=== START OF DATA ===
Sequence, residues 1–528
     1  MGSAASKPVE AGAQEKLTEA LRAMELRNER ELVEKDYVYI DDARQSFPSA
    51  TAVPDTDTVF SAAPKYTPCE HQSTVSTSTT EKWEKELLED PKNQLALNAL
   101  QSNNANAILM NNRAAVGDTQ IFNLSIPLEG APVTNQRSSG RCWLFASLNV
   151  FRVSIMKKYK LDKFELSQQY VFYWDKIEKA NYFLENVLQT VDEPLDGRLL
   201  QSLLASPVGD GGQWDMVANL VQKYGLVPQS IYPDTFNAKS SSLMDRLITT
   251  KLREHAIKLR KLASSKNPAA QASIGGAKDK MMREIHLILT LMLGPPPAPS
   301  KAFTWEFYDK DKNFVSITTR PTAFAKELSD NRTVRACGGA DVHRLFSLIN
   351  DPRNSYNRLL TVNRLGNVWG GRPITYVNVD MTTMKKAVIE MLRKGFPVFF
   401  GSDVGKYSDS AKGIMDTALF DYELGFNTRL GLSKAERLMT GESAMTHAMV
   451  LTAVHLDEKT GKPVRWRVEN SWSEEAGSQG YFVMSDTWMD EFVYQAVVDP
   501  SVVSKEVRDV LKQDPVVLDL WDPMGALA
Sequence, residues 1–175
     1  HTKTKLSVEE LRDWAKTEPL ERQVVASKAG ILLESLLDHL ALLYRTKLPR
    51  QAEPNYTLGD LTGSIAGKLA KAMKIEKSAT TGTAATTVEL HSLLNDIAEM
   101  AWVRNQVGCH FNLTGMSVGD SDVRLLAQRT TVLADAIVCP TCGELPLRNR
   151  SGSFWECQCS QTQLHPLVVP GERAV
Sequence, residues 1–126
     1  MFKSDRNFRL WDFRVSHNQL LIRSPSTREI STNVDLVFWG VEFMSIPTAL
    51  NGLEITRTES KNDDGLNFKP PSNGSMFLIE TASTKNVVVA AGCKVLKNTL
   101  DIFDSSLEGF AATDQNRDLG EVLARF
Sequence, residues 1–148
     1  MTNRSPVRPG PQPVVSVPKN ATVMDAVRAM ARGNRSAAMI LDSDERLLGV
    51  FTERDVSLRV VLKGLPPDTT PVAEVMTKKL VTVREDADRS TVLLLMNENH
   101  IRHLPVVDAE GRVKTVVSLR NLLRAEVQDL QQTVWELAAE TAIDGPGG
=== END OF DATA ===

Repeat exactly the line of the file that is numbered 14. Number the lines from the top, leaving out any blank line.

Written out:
     1  HTKTKLSVEE LRDWAKTEPL ERQVVASKAG ILLESLLDHL ALLYRTKLPR